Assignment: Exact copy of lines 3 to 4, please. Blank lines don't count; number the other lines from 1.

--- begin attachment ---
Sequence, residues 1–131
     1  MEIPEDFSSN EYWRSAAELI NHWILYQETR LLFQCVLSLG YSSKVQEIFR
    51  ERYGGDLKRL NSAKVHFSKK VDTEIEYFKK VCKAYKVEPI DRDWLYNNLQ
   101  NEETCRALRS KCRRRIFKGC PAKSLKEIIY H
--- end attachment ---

    51  ERYGGDLKRL NSAKVHFSKK VDTEIEYFKK VCKAYKVEPI DRDWLYNNLQ
   101  NEETCRALRS KCRRRIFKGC PAKSLKEIIY H